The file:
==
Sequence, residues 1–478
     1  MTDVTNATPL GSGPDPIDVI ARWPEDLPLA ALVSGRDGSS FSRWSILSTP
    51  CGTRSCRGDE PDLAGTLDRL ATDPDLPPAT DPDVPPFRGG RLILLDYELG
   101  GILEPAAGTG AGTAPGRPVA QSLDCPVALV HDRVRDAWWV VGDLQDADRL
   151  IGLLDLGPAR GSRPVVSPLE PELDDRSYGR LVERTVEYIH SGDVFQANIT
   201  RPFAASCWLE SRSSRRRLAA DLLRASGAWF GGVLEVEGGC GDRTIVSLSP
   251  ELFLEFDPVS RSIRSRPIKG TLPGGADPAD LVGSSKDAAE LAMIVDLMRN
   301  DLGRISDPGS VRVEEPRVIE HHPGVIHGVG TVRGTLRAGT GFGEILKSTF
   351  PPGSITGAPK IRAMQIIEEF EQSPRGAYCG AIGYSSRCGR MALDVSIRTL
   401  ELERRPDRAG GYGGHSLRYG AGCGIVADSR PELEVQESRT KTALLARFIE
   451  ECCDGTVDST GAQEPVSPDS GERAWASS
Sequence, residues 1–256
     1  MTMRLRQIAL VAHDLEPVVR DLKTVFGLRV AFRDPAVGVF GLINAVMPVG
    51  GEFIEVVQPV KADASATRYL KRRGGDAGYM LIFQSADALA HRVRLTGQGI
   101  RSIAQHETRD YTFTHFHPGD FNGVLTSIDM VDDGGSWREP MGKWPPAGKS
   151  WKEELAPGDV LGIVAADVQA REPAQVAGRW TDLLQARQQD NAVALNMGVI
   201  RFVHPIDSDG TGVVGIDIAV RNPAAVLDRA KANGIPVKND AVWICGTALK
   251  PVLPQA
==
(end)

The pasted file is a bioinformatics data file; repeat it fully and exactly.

Sequence, residues 1–478
     1  MTDVTNATPL GSGPDPIDVI ARWPEDLPLA ALVSGRDGSS FSRWSILSTP
    51  CGTRSCRGDE PDLAGTLDRL ATDPDLPPAT DPDVPPFRGG RLILLDYELG
   101  GILEPAAGTG AGTAPGRPVA QSLDCPVALV HDRVRDAWWV VGDLQDADRL
   151  IGLLDLGPAR GSRPVVSPLE PELDDRSYGR LVERTVEYIH SGDVFQANIT
   201  RPFAASCWLE SRSSRRRLAA DLLRASGAWF GGVLEVEGGC GDRTIVSLSP
   251  ELFLEFDPVS RSIRSRPIKG TLPGGADPAD LVGSSKDAAE LAMIVDLMRN
   301  DLGRISDPGS VRVEEPRVIE HHPGVIHGVG TVRGTLRAGT GFGEILKSTF
   351  PPGSITGAPK IRAMQIIEEF EQSPRGAYCG AIGYSSRCGR MALDVSIRTL
   401  ELERRPDRAG GYGGHSLRYG AGCGIVADSR PELEVQESRT KTALLARFIE
   451  ECCDGTVDST GAQEPVSPDS GERAWASS
Sequence, residues 1–256
     1  MTMRLRQIAL VAHDLEPVVR DLKTVFGLRV AFRDPAVGVF GLINAVMPVG
    51  GEFIEVVQPV KADASATRYL KRRGGDAGYM LIFQSADALA HRVRLTGQGI
   101  RSIAQHETRD YTFTHFHPGD FNGVLTSIDM VDDGGSWREP MGKWPPAGKS
   151  WKEELAPGDV LGIVAADVQA REPAQVAGRW TDLLQARQQD NAVALNMGVI
   201  RFVHPIDSDG TGVVGIDIAV RNPAAVLDRA KANGIPVKND AVWICGTALK
   251  PVLPQA